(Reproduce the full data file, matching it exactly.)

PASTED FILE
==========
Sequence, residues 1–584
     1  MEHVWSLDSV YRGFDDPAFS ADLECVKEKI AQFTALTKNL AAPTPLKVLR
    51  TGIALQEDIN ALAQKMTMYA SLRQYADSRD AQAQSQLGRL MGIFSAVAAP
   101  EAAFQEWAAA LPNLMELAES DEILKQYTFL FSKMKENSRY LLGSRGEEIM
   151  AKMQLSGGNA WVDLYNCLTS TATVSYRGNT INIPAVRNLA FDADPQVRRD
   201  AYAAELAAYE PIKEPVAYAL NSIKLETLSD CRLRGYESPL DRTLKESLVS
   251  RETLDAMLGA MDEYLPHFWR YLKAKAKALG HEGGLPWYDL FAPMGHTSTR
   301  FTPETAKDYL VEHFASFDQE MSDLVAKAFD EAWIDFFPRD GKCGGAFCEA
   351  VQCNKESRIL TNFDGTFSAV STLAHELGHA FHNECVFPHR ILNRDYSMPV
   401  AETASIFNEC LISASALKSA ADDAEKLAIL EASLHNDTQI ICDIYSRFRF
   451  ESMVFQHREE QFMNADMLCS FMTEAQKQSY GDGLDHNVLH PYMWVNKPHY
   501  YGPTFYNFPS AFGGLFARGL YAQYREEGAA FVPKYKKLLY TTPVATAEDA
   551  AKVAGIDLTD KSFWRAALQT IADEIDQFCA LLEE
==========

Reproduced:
Sequence, residues 1–584
     1  MEHVWSLDSV YRGFDDPAFS ADLECVKEKI AQFTALTKNL AAPTPLKVLR
    51  TGIALQEDIN ALAQKMTMYA SLRQYADSRD AQAQSQLGRL MGIFSAVAAP
   101  EAAFQEWAAA LPNLMELAES DEILKQYTFL FSKMKENSRY LLGSRGEEIM
   151  AKMQLSGGNA WVDLYNCLTS TATVSYRGNT INIPAVRNLA FDADPQVRRD
   201  AYAAELAAYE PIKEPVAYAL NSIKLETLSD CRLRGYESPL DRTLKESLVS
   251  RETLDAMLGA MDEYLPHFWR YLKAKAKALG HEGGLPWYDL FAPMGHTSTR
   301  FTPETAKDYL VEHFASFDQE MSDLVAKAFD EAWIDFFPRD GKCGGAFCEA
   351  VQCNKESRIL TNFDGTFSAV STLAHELGHA FHNECVFPHR ILNRDYSMPV
   401  AETASIFNEC LISASALKSA ADDAEKLAIL EASLHNDTQI ICDIYSRFRF
   451  ESMVFQHREE QFMNADMLCS FMTEAQKQSY GDGLDHNVLH PYMWVNKPHY
   501  YGPTFYNFPS AFGGLFARGL YAQYREEGAA FVPKYKKLLY TTPVATAEDA
   551  AKVAGIDLTD KSFWRAALQT IADEIDQFCA LLEE